ISLAMABAD, April 19 (UPI) -- Pakistani police Friday took ex-military ruler Pervez Musharraf to court from his farmhouse where he went the previous day after being ordered arrested.
On Thursday, Musharraf had hurriedly left an Islamabad court that had ordered his arrest and drove to his nearby farmhouse in the company of his security personnel. He had been in court to face a charge related to the firing and detention of Pakistani judges following the November 2007 imposition of emergency rule when he held power.
Musharraf was taken to the court of judicial Magistrate Raja Abbas Shah after surrendering to authorities Friday, Dawn newspaper reported. The magistrate declared Musharraf's farmhouse a sub-jail and sent Musharraf there to be held there for 48 hours.
The magistrate court held that the list of charges against Musharraf in the 2007 judges' detention case involved terrorism clauses and therefore bail couldn't be granted to the retired general unless he surrendered to authorities, Dawn reported.
The report said police also supported his return to the farmhouse saying Musharraf's life is in danger. He was ordered to appear Sunday before a special anti-terrorism court.
"General Musharraf has been sent on a two-day judicial remand and he will stay at his farmhouse," an official for Musharraf's new All Pakistan Muslim League party was quoted as saying.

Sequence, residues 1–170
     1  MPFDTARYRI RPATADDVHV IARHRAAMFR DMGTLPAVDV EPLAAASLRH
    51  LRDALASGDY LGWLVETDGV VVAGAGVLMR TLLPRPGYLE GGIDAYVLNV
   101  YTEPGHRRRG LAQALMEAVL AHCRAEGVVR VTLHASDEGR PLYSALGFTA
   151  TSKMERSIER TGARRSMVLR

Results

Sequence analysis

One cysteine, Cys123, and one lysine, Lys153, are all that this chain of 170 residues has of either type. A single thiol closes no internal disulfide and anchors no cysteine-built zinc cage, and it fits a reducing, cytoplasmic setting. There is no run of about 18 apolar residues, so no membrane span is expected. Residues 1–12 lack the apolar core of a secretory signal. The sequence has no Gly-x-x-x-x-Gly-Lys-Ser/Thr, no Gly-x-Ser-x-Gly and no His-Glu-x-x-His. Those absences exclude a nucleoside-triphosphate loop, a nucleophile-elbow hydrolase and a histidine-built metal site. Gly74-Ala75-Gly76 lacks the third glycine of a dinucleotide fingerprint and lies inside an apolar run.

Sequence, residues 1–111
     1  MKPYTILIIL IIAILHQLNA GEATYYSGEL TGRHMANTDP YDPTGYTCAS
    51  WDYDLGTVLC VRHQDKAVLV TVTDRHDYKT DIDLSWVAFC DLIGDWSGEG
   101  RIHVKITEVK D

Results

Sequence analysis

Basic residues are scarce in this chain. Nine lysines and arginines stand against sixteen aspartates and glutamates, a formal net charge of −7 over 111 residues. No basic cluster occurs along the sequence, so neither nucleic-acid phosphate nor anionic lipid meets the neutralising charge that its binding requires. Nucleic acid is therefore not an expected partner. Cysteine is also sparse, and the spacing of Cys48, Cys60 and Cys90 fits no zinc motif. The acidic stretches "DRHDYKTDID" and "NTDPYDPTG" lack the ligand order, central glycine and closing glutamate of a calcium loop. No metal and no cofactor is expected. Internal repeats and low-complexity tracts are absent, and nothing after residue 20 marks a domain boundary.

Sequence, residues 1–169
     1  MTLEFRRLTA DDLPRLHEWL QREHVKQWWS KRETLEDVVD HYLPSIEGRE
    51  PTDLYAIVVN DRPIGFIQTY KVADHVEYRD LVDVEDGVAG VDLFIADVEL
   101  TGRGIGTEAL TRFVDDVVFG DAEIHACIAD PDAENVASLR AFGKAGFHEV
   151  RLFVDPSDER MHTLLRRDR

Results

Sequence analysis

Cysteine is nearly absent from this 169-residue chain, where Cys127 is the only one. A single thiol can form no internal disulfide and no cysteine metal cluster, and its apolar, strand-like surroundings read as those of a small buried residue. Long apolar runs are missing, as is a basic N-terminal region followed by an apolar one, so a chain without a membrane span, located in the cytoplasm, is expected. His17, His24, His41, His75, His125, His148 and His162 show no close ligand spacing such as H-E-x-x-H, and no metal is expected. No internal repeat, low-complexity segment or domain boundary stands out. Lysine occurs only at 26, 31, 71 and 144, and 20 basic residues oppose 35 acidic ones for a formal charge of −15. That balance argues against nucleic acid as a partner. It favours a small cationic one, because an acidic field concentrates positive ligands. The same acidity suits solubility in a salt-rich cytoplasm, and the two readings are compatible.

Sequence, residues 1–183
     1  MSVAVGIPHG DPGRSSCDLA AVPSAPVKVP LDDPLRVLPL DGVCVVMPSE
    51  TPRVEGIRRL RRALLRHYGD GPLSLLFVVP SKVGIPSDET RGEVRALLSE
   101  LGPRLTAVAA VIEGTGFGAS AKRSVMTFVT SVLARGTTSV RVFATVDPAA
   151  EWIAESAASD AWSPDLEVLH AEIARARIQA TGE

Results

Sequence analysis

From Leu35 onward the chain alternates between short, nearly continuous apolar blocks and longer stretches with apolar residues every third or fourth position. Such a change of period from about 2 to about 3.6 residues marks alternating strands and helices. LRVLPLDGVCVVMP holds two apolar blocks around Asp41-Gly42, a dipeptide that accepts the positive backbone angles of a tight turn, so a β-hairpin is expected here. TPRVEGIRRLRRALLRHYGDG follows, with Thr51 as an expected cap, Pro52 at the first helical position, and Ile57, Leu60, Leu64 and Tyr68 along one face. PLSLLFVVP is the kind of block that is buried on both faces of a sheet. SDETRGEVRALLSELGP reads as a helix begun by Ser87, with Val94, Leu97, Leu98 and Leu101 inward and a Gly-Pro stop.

Party official Muhammad Amjad denied reports Musharraf had been arrested before going to court, saying he had surrendered, Dawn said.
On Thursday, as reported in Pakistani media, Musharraf, who was in the court when his arrest was ordered, immediately left as police there failed to arrest him and his security detail drove him to his farmhouse.
Islamabad's police inspector general has been ordered by the court to explain why police didn't arrest Musharraf as ordered.
The Press Trust of India news agency quoted analysts the country's powerful military, which has ruled Pakistan intermittently for decades, may resent one of its former military chiefs being kept under detention. The analysts also said the current army chief Gen. Ashfaq Parvez Kayani and other military leaders were part of Musharraf's inner circle when emergency rule was imposed in 2007.
Musharraf, who ruled the country for nine years after a coup in 1999, has faced a number of accusations and charges at home since his return last month after four years of self-imposed exile in London and Dubai to contest in the general elections set for next month.
Among the charges and accusations are treason and the detention of judges. The treason accusation relates to the 2007 declaration of emergency.
Musharraf also is fighting rulings by the election commission barring him from contesting in the May 11 parliamentary elections. Musharraf says he hasn't been convicted of any criminal acts and hence can't be barred from running in the elections.
His party leaders said the APML would take part in the May 11 elections even if Musharraf was arrested.
Musharraf is also accused of not providing adequate security for Benazir Bhutto, Pakistan's former prime minister who was assassinated in December 2007. Bhutto is the wife of Asif Ali Zardari, who led the civilian coalition government which completed its 5-year term in March.
Additionally, Musharraf is accused of ordering troops in 2006 to kill Nawab Akbar Bugti, a popular tribal leader in Balochistan province.
Musharraf has denied the allegations against him, calling them baseless.